PSP is progressive, which means that it gets worse over time.

What causes progressive supranuclear palsy (PSP)?

The cause of PSP is unknown. In rare cases, the cause is a mutation in a certain gene.

One sign of PSP is abnormal clumps of tau in nerve cells in the brain. Tau is a protein in your nervous system, including in nerve cells. Some other diseases also cause a buildup of tau in the brain, including Alzheimer's disease.

Who is at risk for progressive supranuclear palsy (PSP)?

PSP usually affects people over 60, but in some cases it can start earlier. It is more common in men.

What are the symptoms of progressive supranuclear palsy (PSP)?

Symptoms are very different in each person, but they may include:

  • A loss of balance while walking. This is often the first symptom.
  • Speech problems
  • Trouble swallowing
  • A blurring of vision and problems controlling eye movement
  • Changes in mood and behavior, including depression and apathy (a loss of interest and enthusiasm)
  • Mild dementia
How is progressive supranuclear palsy (PSP0 diagnosed?

There is no specific test for PSP. It can be difficult to diagnose, because the symptoms are similar to other diseases such as Parkinson's disease and Alzheimer's disease.

To make a diagnosis, your health care provider will take your medical history and do physical and neurological exams. You may have an MRI or other imaging tests.

What are the treatments for progressive supranuclear palsy (PSP)?

There is currently no effective treatment for PSP. Medicines may reduce some symptoms. Some non-drug treatments, such as walking aids and special glasses, may also help. People with severe swallowing problems may need gastrostomy. This is a surgery to insert a feeding tube into the stomach.

PSP gets worse over time. Many people become severely disabled within three to five years after getting it. PSP isn't life-threatening on its own. It can still be be dangerous, because it increases your risk of pneumonia, choking from swallowing problems, and injuries from falling. But with good attention to medical and nutritional needs, many people with PSP can live 10 or more years after the first symptoms of the disease.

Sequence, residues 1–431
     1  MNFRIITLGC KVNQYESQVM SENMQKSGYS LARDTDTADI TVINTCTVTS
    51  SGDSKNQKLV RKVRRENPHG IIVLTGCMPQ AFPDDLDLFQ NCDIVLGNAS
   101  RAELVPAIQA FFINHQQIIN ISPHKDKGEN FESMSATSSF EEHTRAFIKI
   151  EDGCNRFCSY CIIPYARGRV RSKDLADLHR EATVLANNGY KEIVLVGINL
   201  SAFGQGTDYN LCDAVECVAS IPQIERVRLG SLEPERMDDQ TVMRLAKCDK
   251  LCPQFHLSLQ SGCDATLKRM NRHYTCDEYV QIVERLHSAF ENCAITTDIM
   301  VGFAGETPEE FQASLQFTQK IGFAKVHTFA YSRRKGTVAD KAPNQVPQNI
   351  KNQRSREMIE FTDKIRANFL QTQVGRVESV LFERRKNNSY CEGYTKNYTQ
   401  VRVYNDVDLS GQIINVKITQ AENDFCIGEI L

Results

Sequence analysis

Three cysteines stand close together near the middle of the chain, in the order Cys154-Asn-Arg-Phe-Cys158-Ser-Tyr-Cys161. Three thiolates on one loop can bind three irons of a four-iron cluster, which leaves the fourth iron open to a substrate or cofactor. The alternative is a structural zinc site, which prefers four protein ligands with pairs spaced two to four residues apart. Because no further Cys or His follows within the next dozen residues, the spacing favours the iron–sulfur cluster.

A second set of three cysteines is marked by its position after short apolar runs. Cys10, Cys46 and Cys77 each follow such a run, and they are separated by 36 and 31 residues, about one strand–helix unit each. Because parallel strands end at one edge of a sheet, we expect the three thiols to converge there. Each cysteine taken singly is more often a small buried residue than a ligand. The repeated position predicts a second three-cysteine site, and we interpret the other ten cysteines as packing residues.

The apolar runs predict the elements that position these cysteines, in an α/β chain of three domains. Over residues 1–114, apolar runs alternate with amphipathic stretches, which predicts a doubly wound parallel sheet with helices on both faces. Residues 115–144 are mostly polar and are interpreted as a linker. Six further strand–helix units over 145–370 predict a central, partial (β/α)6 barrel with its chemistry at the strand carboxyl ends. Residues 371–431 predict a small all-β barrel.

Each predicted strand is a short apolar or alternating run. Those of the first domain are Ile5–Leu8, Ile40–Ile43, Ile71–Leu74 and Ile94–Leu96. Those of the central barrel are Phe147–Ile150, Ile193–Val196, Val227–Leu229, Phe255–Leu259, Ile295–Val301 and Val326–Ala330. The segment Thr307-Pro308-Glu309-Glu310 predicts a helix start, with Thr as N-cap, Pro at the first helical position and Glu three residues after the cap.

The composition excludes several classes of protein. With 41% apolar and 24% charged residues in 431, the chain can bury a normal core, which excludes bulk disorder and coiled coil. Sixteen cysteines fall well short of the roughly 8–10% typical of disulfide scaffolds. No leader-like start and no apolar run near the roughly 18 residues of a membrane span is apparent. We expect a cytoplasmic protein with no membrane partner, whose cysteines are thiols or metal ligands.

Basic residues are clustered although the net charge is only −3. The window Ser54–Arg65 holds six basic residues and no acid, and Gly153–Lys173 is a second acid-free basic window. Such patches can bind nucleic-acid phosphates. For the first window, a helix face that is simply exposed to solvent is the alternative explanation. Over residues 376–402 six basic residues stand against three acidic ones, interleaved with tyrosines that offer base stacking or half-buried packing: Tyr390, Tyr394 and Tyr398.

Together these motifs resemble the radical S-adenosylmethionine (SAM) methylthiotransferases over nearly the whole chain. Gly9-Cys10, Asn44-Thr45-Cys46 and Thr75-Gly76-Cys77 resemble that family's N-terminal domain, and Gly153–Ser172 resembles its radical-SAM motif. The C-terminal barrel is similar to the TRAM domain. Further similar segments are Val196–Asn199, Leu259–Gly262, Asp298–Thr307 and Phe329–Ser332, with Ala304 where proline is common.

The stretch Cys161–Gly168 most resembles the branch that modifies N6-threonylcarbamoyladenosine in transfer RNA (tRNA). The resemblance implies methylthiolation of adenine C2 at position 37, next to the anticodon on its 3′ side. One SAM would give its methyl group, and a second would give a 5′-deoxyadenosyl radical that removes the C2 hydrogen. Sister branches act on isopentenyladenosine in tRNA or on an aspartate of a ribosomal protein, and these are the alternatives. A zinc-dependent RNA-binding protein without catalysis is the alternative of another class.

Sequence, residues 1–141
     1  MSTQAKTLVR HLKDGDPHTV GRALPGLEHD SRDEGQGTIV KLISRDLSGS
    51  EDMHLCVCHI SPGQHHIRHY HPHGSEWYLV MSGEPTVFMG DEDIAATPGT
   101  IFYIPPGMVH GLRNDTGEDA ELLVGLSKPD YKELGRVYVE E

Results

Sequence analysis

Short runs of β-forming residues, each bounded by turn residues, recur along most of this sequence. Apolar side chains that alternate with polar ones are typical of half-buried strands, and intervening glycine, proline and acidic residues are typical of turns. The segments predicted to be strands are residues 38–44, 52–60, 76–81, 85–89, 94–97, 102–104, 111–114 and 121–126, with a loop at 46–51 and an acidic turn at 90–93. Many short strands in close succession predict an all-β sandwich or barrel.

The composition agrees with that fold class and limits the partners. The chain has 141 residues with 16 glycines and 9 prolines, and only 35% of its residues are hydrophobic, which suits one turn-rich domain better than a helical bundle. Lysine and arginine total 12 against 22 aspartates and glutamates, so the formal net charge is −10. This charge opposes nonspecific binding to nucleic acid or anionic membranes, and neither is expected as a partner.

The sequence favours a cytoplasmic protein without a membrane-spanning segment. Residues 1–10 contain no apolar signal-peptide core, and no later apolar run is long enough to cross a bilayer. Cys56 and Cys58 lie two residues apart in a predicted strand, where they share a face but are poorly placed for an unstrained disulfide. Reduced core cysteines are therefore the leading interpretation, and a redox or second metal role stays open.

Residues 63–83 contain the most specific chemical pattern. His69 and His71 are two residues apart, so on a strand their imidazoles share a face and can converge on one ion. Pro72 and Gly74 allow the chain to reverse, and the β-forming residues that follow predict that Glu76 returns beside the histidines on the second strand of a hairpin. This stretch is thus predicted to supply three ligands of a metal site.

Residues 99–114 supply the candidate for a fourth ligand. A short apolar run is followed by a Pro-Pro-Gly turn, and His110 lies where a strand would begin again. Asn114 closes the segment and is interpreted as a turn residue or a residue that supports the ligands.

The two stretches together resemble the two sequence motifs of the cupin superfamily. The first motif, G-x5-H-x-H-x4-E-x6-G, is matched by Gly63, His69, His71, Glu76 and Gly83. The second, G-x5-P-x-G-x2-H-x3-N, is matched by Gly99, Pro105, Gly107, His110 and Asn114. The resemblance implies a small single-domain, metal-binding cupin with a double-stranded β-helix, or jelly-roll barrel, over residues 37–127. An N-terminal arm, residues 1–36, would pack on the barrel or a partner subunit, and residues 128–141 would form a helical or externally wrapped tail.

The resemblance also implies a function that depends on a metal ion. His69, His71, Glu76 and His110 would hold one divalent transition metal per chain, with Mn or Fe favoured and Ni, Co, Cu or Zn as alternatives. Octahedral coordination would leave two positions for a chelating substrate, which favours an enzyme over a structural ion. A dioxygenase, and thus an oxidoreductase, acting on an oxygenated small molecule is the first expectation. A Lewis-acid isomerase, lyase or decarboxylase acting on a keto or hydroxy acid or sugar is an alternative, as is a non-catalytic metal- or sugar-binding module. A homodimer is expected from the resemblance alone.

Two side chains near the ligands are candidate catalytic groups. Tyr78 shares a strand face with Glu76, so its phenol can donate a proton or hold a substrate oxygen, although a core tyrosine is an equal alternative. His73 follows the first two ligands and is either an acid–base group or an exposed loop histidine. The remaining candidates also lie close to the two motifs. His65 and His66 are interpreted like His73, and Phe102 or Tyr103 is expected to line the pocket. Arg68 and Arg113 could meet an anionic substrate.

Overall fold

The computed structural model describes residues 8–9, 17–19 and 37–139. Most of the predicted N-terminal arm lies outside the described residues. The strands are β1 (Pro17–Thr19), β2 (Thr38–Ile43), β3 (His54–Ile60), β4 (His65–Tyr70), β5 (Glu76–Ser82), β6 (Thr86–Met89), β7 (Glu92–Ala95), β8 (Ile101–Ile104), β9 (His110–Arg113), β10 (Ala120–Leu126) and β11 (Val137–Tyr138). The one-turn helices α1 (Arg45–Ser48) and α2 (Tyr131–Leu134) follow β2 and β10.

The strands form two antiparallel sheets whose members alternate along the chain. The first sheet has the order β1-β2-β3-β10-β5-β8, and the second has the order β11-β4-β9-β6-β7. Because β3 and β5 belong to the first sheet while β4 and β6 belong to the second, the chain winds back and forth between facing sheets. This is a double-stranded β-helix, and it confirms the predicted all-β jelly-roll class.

NIH: National Institute of Neurological Disorders and Stroke

Walking Problems

What are walking problems?

If you are like most people, you walk thousands of steps each day. You walk to do your daily activities, get around, and exercise. It's something that you usually don't think about. But for those people who have a problem with walking, daily life can be more difficult.

Walking problems may cause you to:

  • Walk with your head and neck bent over
  • Drag, drop, or shuffle your feet
  • Have irregular, jerky movements when walking
  • Take smaller steps
  • Waddle
  • Walk more slowly or stiffly
What causes walking problems?

The pattern of how you walk is called your gait. Many different diseases and conditions can affect your gait and lead to problems with walking. They include:

  • Abnormal development of the muscles or bones of your legs or feet
  • Arthritis of the hips, knees, ankles, or feet
  • Cerebellar disorders, which are disorders of the area of the brain that controls coordination and balance
  • Foot problems, including corns and calluses, sores, and warts
  • Infections
  • Injuries, such as fractures (broken bones), sprains, and tendinitis
  • Movement disorders, such as Parkinson's disease
  • Neurologic diseases, including multiple sclerosis and peripheral nerve disorders
  • Vision problems
How is the cause of a walking problem diagnosed?

To make a diagnosis, your health care provider will ask about your medical history and do a physical exam. This will include checking your bones and muscles and doing a neurological exam. In some cases, you may have other tests, such as lab or imaging tests.

What are the treatments for walking problems?

Treatment of walking problems depends on the cause. Some common types of treatments include:

  • Medicines
  • Mobility aids
  • Physical therapy
  • Surgery